Mayor Bill de Blasio announced in April that the city would begin a vast lead-testing initiative in every single NYCHA complex built before lead paint was banned, with priority given to complexes with the highest number of households with children under 6.
But according to data obtained by the Eagle via a Freedom of Information Law request, most of the complexes with the highest number of households with children under 6 have yet to be tested — more than three months after the initiative began.
After the city failed for decades to test and remove lead paint from public housing units, de Blasio said the new testing program would reach all 134,084 city apartments built before 1978 — the year lead paint was banned — by the end of 2020.
See the NYCHA dataset on the number of households with children under age 6 here.
So far, 16 complexes have undergone testing, according to a testing schedule on the NYCHA website.
Population data obtained from NYCHA shows that only three of the 16 tested complexes — Castle Hill and Marble Hill in the Bronx and the Van Dyke Houses I in Brooklyn — were among the top 20 in terms of number of households with children under 6 years old. The data is up-to-date as of May 30.
Edenwald Houses in the Bronx has 280 households with children under 6 — the most of any NYCHA complex — but the complex is not included in the city’s testing schedule. Nor are the Butler Houses in the Bronx, with the second-highest number of households with children under 6 (267). The Van Dyke Houses in Brooklyn, with the third-highest total (262), were tested in the spring.
NYCHA said Edenwald and Butler were exempted from testing by the Department of Housing and Urban Development and do not yet appear on the city’s testing schedule. NYCHA is prioritizing complexes that were not previously exempted by HUD and have the most apartments with children under the age of 6, the agency said. After testing those developments, x-ray fluorescence, or XRF, testing will begin at sites exempted by HUD and sites exempted by HUD where no registered children under age 6 live — namely, senior housing complexes.
See the data obtained from NYCHA below:
A NYCHA spokesperson told the Eagle in April that none of the developments with the highest number of apartments with children under age 6 are located in Queens. But the population data shows that two of the top 10 are — and neither have been tested yet.
The Pomonok Houses, located near Queens College, have the fourth-highest number of households with children under 6 as of May 30 (257), closely followed by the Ravenswood Houses in Long Island City, which have 237 households with children under 6. Both are scheduled to undergo testing this summer, according to the NYCHA testing schedule.
Not a single NYCHA site in Queens has undergone testing as part of the city’s initiative.
“The Authority’s unprecedented XRF testing initiative was launched in April so that we could definitively determine whether lead-based paint hazards exist in homes that have not previously been tested and showed no presence of lead,” a NYCHA spokesperson told the Eagle. “Not only will this effort allow us to test the homes that most urgently need testing, but it also helps create an accurate roadmap for a lead-free NYCHA.”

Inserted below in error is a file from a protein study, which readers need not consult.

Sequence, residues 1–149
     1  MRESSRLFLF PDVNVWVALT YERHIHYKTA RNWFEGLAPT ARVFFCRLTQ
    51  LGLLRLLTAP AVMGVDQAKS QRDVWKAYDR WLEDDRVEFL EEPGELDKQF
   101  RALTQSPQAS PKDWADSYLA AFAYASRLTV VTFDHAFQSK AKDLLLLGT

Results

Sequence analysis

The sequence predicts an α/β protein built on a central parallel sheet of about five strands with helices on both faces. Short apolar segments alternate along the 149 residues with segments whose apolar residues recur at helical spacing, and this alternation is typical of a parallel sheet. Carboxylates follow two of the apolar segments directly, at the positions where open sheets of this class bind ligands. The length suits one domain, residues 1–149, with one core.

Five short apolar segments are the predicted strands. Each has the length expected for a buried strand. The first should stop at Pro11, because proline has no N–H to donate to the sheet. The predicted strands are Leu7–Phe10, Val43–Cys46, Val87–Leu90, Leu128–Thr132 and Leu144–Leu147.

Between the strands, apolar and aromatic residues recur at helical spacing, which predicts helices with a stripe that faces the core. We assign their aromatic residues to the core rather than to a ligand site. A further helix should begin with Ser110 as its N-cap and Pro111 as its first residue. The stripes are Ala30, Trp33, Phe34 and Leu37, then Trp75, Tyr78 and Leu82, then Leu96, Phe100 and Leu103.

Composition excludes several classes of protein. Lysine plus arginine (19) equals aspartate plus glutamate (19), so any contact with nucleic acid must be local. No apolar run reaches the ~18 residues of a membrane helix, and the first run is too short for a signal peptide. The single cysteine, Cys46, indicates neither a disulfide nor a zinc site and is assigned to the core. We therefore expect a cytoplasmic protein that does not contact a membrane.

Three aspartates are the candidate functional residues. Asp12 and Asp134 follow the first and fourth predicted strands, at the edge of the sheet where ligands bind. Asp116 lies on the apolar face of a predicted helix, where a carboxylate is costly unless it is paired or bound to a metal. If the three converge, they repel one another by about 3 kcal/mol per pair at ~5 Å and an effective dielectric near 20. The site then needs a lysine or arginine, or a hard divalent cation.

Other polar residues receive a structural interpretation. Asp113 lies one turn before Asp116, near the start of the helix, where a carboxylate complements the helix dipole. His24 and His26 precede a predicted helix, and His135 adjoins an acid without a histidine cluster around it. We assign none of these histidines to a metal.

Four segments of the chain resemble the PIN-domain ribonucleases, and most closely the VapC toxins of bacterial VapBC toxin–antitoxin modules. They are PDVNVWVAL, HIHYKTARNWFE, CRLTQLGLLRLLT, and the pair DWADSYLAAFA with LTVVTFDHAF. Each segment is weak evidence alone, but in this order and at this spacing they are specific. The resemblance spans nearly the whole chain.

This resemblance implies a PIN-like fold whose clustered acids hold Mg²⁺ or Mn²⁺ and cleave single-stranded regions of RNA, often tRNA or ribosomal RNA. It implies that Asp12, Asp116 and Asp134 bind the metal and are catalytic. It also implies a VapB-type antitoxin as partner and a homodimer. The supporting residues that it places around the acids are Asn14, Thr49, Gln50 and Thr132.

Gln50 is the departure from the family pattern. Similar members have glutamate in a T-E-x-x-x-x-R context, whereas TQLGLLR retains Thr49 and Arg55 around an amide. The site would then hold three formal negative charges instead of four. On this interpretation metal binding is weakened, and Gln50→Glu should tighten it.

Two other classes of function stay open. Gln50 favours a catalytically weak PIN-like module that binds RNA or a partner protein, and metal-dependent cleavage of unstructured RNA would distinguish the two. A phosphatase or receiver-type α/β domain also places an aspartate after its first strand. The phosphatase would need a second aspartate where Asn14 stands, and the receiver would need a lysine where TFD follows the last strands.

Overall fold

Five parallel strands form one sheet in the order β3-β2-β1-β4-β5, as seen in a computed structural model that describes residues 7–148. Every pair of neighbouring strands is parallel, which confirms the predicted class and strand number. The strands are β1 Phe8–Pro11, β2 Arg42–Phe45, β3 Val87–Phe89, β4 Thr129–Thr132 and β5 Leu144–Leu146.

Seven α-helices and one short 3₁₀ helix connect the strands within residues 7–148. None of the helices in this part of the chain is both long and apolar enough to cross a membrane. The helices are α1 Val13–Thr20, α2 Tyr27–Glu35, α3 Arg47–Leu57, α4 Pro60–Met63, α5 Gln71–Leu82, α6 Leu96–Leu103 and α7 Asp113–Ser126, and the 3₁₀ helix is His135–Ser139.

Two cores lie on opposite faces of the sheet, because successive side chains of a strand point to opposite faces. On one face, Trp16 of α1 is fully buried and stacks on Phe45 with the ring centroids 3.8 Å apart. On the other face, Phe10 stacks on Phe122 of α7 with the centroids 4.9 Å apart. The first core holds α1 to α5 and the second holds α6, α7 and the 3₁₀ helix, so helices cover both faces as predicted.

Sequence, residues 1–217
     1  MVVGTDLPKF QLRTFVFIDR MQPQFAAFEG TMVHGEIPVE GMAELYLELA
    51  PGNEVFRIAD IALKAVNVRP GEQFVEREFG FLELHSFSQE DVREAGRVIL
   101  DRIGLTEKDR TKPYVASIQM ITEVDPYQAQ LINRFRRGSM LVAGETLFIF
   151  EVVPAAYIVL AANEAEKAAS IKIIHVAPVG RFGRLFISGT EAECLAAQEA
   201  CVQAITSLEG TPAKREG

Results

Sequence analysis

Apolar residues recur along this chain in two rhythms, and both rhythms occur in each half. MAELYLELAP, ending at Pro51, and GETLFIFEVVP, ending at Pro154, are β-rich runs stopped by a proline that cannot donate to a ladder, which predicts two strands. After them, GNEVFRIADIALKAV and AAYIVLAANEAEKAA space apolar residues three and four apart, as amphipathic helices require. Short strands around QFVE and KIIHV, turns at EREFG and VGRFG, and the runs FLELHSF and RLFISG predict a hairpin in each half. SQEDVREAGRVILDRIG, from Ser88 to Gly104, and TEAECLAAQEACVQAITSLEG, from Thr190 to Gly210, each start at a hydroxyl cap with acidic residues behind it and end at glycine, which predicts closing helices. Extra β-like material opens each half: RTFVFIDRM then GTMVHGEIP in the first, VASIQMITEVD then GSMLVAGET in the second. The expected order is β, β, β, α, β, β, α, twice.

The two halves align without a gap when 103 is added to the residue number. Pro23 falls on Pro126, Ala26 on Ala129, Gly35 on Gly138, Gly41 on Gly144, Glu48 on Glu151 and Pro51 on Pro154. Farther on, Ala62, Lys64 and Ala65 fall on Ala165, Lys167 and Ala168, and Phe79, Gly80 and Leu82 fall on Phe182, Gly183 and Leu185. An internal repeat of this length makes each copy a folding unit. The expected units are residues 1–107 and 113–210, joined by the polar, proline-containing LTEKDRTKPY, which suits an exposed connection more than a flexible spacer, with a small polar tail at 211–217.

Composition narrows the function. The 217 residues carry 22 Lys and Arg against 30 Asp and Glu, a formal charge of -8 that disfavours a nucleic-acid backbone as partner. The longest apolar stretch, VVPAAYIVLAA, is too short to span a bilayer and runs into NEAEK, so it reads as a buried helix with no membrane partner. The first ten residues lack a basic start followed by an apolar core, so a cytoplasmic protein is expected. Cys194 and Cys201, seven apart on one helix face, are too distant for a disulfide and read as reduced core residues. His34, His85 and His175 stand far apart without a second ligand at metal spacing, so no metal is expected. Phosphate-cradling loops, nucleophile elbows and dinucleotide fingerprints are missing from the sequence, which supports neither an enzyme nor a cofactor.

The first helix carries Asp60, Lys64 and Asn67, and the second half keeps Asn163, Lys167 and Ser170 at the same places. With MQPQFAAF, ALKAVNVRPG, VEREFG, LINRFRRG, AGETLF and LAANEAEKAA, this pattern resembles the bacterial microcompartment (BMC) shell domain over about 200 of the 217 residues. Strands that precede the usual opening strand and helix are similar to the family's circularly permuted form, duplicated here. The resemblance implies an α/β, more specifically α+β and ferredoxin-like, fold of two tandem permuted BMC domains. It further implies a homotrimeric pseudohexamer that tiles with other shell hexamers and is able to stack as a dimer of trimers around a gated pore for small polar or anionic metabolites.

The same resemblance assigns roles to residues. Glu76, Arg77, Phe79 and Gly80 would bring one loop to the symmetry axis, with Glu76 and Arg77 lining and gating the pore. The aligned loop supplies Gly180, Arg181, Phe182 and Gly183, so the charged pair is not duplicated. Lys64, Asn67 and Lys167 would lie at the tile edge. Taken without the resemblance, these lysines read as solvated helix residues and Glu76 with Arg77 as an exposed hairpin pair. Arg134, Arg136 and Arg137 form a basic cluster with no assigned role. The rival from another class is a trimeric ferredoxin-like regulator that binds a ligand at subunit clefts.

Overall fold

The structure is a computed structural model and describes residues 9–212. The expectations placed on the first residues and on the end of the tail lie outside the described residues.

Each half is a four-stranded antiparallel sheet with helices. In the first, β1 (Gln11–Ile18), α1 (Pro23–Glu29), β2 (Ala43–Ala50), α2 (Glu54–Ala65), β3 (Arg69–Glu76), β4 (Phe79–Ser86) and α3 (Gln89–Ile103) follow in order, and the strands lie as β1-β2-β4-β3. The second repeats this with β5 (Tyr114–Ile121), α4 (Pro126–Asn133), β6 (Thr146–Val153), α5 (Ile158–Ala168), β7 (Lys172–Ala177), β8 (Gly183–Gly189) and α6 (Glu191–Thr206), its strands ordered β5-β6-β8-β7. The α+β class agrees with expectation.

There have been problems in the process for identifying apartments where children under age 6 live, according to a report released by a federally mandated monitor on Monday.
“Specifically, we took issue with how NYCHA calculates the number of non-exempt apartments where children under six years of age either reside or regularly visit,” monitor Barry Schwartz wrote in his team’s report, which was published by Politico. “NYCHA must make a better effort to identify these at-risk children.”
So far, 6,528 units have been tested — less than 5 percent of the total number — and the city awaits results from 4,321 of those.
Of the 2,207 apartments where the results were recorded, 1,604 tested positive for lead, according to NYCHA’s data.
“We’re in this position because of a pattern of mismanagement and neglect, and we need an aggressive lead remediation approach to protect our children,” said Comptroller Scott Stringer. “We’re defined as a city by how we treat our kids, and we can’t afford anything less than full transparency and complete accountability.”
A report published by the Department of Health in April found that 4,717 total children tested positive for blood-lead levels of 5 micrograms per deciliter in New York City in 2018, including 138 kids who live in NYCHA apartments. The Centers for Disease Control considers a lead level of 5 mcg/dcl particularly dangerous, but indicates that no blood-lead level is safe.
More than 2,400 children living in NYCHA apartments have tested with elevated blood-lead levels since 2010, according to annual data.
The current testing process has moved slower than planned. THE CITY reported Monday that NYCHA did not meet a May 1 deadline to declare roughly 3,000 apartments with children under 6 “clear” of lead.
The rate of lead poisoning has decreased significantly in private and public housing since 2010, but even one child with lead poisoning is too many, said attorney Reuven Frankel, who represents individuals poisoned by lead.
Frankel cited a 2004 law designed to bring lead contamination to zero by mandating that landlords who own buildings built before 1960 — or before 1978, if lead paint is present — conduct annual reviews and remove lead paint in all apartments with children under 6.
“Obviously the landlords share a tremendous amount of responsibility because they’re not following the law, but we also know the city of New York is not enforcing the law,” Frankel said.